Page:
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Using the Leica HD-B Ballistic calculator “ABC” (Advanced Ballistic Compensation)
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This post explores how to setup and configure the new Leica Geovid HD-B ballistics software to generate click values in MILS for US shooters engaging targets to 1000 yards (or 925 M). This is primarily aimed at Precision rifle competitors, Tactical shooters and long range hunters who use a variety of equipment to calculate their shooting solution, and already have DOPE (not the Colorado kind) aka drop charts for their load.
The goal is to get the HD-B to match up with your known good drop charts so that you can use the Custom load ballistic data in the Leica HD-B out to its maximum distance (1000 yards).
Some preliminary information about my example setup:
- Bullet = 139 grain Lapua Scenar
- Cartridge = .260 Remington @ 2881 fps
- Rifle = DTA SRS A1 zeroed @ 100 yards w/ sight height = 2.45″
- Barrel = Short Action Customs Bartlein 26″ w/ 8 twist
- Chronograph = MagnetoSpeed V3
- Environmental = Temp = 87.5 F Pressure = 30.17 inHg Humidity = 17.5 %
- PC Ballistics program = Applied Ballistics Analytics
- Leica HD-B Ballistics Application page
- Covert Utility from Josh Madison (useful in unit conversions)
- Scope is a MIL value turret / reticle with .1 MIL value clicks (tenth MIL values)
Step 1 – Convert your units to Metric
Convert all your units to Metric – since we want output from the HD-B in MILs, we are going to be looking for a “Point of Impact Correction” based on 10mm click values (or .1 MIL)
Remember 1 MIL @ 100 M = 10 cm (centimeters) and so .1 MIL (common click value on MIL scopes) @ 100 M = 1 centimeter.
Finally 1 cm = 10 mm (millimeter) – which is why we want our output in 10 mm values !
Enter the Leica Geovid HD-B menu and switch your units to EU (Metric). Click and hold the menu button (secondary – not range) for over 2 sec. EU.US or US.EU will appear in the bottom of the display, and will flash. Press the range (primary) button to select EU, then press the menu button again to save. EU. should display for 4 seconds, then disappear.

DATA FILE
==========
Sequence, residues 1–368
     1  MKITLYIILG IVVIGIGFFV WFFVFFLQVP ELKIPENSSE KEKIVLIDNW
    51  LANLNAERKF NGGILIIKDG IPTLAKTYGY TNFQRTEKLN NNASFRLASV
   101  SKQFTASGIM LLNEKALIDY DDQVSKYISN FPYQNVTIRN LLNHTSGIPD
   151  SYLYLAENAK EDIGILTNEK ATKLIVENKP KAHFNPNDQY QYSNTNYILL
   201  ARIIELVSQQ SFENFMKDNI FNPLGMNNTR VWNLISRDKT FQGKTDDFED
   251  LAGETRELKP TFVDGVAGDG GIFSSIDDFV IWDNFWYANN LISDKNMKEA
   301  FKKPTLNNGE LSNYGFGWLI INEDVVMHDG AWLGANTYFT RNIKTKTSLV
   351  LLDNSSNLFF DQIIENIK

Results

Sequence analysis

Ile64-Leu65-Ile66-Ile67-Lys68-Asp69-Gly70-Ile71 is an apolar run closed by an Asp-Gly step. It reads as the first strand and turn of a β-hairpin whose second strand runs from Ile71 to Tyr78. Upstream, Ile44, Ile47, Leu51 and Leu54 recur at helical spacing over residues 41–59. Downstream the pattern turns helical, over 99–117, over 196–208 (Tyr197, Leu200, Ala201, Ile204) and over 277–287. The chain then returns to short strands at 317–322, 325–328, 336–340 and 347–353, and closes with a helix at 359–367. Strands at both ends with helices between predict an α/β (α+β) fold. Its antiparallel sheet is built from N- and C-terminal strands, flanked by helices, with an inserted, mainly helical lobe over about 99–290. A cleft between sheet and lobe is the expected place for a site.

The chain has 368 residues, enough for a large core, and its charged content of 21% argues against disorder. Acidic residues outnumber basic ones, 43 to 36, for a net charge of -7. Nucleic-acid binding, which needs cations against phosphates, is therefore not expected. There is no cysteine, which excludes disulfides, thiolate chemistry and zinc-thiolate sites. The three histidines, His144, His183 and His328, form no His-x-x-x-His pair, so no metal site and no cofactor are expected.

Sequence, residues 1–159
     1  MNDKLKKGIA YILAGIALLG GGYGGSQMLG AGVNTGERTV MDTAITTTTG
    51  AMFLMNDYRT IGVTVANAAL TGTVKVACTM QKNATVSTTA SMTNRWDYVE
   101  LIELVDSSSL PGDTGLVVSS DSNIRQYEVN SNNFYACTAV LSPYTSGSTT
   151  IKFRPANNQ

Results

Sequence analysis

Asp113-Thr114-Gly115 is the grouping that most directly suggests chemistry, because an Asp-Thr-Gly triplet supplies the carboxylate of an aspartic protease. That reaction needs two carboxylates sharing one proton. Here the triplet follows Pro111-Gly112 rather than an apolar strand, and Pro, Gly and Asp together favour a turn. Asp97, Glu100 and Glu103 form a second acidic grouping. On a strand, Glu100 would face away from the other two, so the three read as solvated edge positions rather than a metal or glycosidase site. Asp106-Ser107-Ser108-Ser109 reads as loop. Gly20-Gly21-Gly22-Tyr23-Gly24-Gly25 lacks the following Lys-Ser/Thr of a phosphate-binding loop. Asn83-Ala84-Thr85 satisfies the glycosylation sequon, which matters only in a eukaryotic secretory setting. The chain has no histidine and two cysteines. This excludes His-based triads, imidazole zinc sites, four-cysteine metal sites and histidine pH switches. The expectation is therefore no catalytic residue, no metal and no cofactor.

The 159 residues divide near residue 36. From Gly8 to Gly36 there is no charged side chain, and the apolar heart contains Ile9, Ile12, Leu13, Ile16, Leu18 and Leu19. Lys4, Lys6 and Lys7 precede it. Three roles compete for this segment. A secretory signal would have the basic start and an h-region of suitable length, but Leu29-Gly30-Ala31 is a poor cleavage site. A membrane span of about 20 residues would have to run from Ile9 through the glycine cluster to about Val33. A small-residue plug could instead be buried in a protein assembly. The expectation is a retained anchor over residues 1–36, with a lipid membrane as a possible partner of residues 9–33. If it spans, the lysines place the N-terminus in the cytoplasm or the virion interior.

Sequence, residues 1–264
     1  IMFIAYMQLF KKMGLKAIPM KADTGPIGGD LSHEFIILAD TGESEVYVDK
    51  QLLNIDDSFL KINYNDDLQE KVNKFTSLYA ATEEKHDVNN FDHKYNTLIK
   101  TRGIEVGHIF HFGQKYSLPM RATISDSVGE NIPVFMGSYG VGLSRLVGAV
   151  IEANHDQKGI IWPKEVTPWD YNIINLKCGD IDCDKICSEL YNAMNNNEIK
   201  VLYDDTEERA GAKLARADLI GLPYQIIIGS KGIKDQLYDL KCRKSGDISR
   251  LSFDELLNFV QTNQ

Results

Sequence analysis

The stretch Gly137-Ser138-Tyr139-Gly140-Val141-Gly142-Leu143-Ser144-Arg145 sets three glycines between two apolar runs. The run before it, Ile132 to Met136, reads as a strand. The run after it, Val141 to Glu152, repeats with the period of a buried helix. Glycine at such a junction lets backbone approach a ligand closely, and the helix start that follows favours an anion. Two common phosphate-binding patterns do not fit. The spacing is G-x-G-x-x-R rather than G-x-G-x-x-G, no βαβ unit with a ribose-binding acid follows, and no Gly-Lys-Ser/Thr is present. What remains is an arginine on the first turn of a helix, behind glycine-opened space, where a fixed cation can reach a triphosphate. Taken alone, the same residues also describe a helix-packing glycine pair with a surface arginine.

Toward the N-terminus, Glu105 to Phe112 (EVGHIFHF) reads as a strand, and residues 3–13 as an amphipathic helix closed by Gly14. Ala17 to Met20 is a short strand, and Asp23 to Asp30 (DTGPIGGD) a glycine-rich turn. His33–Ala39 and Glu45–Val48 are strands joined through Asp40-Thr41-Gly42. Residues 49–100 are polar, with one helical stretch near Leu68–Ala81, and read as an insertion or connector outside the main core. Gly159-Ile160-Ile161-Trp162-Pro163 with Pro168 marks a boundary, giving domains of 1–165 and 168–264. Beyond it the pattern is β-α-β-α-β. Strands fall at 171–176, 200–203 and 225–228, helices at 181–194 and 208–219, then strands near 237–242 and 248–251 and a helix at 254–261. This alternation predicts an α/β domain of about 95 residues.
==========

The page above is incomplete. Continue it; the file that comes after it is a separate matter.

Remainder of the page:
Step 2 – Standardize your two Ballistic calculators
We have known good dope for the rifle. The first step is to get the Leica online Ballistic calculator to match our trusted Ballistic calculator (the one used to generate our verified drop charts).
The Leica online Ballistic calculator uses some fixed information – which you need to put into your other Ballistic calculator:
- Sight Height = 5cm (1.9685 inches)
- Air Pressure = 1024 mbar (30.24 inHg)
Input these into your ballistic calculator so that you get a new calculation for drop. You want to obtain output that allows you to convert back and forth since the Leica calculator will only give you drop in 1cm increments and you need something to compare against that.
Below my output is in inches (so I can convert to cm easily).
The next step is while using the same static information between both Ballistics calculators – compare the results.
While not horrible, our numbers don’t match very well, you can see we have a drop difference of around 9.5″ at 1000 M. While not terrible – we want to be closer to the same numbers.
To get the numbers to match more closely, we only have a few things we can adjust – Velocity and BC. When I tweak both – I can get the numbers to mach MUCH more closely:
While comparing 500M, 750M and 1000M between Applied Ballistics and the Leica Online numbers, I tweaked first the muzzle velocity up/down to get close on all the numbers, then moved the BC up/down one m/s and repeated until I was able to get most of my numbers to be pretty close.
Step 3 – Upload the file to the Leica HD-B
Next we need to upload the data from the Online Leica Ballistic Calculator to the SD card so we can compare live data generated using real environmental data.
In the online Leica Ballistics app select “Save to SD” and save the file to your SD card. Re-Insert your card into the Leica HD-B and head outside.
Bring your drop charts, Kestrel or any other source you use that is already verified.
Select your information based on your current environmental conditions and start comparing drops. This may take a couple of iterations to get right – but you should be pretty dang close at some point. Below is the final test I ran comparing my Kestrel with AB (and Bryan Litz’s custom curve for the 139 Lapua Scenar) to the Leica output – both based on the same environmental temperatures, the left column is distance (Ranged with the Leica in Meters) the Kestrel column is the Elevation drop from the Kestrel profile in MILs and the Leica column is the drop in 1 cm blocks based on the Leica’s ballistic calculations.
Step 4 – Go to the Range and shoot to verify you hit targets with the estimated drops
Stay tuned for an update on the Range session!